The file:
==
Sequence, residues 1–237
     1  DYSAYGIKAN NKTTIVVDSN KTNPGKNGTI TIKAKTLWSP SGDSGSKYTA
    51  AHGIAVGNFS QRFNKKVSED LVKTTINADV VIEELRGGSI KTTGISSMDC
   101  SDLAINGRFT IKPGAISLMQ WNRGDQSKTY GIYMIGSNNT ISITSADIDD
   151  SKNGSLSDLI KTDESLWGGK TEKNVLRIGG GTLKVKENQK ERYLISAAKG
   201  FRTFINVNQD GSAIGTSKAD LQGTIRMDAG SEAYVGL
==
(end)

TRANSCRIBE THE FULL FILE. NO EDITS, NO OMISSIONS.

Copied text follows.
Sequence, residues 1–237
     1  DYSAYGIKAN NKTTIVVDSN KTNPGKNGTI TIKAKTLWSP SGDSGSKYTA
    51  AHGIAVGNFS QRFNKKVSED LVKTTINADV VIEELRGGSI KTTGISSMDC
   101  SDLAINGRFT IKPGAISLMQ WNRGDQSKTY GIYMIGSNNT ISITSADIDD
   151  SKNGSLSDLI KTDESLWGGK TEKNVLRIGG GTLKVKENQK ERYLISAAKG
   201  FRTFINVNQD GSAIGTSKAD LQGTIRMDAG SEAYVGL